Some players are cut out for leadership roles. Iain Vigurs did not think he would ever be one of them.
His ascendancy to the Ross County captaincy, given to him by former team-mate and now-County manager Stuart Kettlewell, is a reflection of his maturity and willingness to learn from his mistakes.
Vigurs has been part of two title-winning teams at County, as well as winning the Challenge Cup. He has experienced the highs of success, but also the lows of injuries and relegation.
“Earlier in my career I couldn’t have imagined being handed this leadership role but you don’t get to my age without learning a few tricks and gaining experience,” said Vigurs, in his second spell at County.
“I’d like to think I know the game a lot better than I did when I was younger and in the first time around at County so I’d like to think I can excel in this role.
“First and foremost a captain needs to lead by example but also to encourage people around them. If a player isn’t quite on it for whatever reason then I need to be there to pick them up.
“But I’ve always believed that when you cross that white line then everyone needs to be a captain.”
Kettlewell stated yesterday he feels Vigurs could have played at a higher level. Now 32, the former Motherwell and Caley Thistle midfielder knows time on a football pitch is mostly behind him rather than in front, which has allowed for some reflection.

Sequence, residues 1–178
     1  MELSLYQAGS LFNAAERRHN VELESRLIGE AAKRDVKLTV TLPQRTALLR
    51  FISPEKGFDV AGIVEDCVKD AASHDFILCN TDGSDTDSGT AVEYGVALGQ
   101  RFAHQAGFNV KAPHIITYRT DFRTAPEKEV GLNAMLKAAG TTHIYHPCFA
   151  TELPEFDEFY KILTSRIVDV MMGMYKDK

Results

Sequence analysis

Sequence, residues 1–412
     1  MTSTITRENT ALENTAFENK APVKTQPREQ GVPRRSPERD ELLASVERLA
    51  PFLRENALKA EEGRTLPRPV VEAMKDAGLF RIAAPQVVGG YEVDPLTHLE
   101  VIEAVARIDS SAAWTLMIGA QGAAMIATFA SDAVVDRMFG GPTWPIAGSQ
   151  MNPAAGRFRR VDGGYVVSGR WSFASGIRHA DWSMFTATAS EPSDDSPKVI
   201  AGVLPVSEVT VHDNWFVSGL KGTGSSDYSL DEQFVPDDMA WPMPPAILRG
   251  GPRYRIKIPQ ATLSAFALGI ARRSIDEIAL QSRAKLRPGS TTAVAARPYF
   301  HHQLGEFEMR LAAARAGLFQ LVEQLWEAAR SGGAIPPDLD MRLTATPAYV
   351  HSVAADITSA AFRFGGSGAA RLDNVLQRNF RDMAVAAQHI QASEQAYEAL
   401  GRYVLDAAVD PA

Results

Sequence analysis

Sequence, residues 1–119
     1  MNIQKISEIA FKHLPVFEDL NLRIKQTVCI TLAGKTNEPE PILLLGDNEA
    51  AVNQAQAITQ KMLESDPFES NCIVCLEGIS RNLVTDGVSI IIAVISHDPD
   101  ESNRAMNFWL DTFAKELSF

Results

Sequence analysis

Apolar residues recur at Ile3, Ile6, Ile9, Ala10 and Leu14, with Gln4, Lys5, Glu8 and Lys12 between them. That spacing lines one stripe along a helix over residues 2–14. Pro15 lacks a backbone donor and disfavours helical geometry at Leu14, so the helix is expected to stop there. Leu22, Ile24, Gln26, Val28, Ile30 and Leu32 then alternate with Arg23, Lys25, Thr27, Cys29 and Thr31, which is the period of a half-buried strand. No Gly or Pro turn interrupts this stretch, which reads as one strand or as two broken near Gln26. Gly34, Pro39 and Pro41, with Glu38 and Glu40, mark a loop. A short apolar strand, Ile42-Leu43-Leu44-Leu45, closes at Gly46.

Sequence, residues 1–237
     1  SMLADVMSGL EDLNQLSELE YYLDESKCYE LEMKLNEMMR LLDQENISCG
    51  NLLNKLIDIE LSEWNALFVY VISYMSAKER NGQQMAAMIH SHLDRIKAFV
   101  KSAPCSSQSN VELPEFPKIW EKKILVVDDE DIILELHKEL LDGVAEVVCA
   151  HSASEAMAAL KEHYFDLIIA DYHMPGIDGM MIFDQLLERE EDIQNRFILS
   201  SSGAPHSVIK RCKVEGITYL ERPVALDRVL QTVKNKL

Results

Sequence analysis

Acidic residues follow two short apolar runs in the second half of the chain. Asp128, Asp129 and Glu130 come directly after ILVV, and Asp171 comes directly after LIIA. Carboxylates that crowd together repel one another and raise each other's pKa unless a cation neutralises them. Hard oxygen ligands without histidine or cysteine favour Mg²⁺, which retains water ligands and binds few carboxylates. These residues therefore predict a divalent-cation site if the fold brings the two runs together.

“It’s a question I’ve been asking myself for the last few years,” added Vigurs. “You reach 30-years-old and start to realise just what you could have done in the game and what you haven’t done in the game.
“I look back and I’ve always been a believer that you should never live with any regrets. I maybe made a couple of decisions which I shouldn’t have.
“Now that I’m a captain I need to show younger players how to lead by example but I think a lot of our boys have good heads on their shoulders.
“I can’t see them making too many bad choices in their careers but if I can help them in any way then I’m more than happy to do that.”
The current make-up at County is steeped in the old Liverpool “bootroom” mentality.
There are plenty of figures around Victoria Park who are big parts of the club’s history. Don Cowie, Richard Brittain and Kettlewell, who served the club with distinction as players, are on the coaching staff, while CEO Steven Ferguson has held just about every job title since retiring as a player.
It has allowed Vigurs to pick up some useful knowledge along the way, but he will also be leaning on Gary Warren, his skipper at Inverness, for captaincy advice.
“Everything he did both on and off the park was about leading by example,” Vigurs said of Warren. “He’s someone I’ll be getting in contact with to get a few tips.
“There have been loads of guys, we have a great former captain Richie Brittain still working at the club and he led County through their most successful years.
“He’s now the assistant so he’s perfect for me, if I need any advice then I can go and speak to him.”